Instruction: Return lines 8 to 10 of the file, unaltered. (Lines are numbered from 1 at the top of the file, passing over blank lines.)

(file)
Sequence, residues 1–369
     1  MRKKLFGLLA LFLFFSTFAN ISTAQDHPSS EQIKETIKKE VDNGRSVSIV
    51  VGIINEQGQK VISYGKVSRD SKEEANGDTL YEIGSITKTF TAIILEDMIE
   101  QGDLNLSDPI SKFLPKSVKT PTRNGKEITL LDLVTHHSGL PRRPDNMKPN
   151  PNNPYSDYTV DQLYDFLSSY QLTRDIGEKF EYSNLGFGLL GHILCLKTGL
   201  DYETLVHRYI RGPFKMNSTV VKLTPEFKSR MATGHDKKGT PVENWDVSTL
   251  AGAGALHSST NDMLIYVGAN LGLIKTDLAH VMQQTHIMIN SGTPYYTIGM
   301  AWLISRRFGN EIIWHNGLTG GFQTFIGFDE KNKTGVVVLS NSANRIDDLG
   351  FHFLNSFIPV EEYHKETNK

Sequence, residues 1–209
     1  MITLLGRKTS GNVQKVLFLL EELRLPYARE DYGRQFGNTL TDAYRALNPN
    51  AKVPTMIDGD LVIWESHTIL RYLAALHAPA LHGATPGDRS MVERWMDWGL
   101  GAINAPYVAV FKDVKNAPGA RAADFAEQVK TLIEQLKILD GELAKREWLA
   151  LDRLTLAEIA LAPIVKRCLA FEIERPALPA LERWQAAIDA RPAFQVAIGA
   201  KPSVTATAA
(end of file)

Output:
   301  AWLISRRFGN EIIWHNGLTG GFQTFIGFDE KNKTGVVVLS NSANRIDDLG
   351  FHFLNSFIPV EEYHKETNK

Sequence, residues 1–209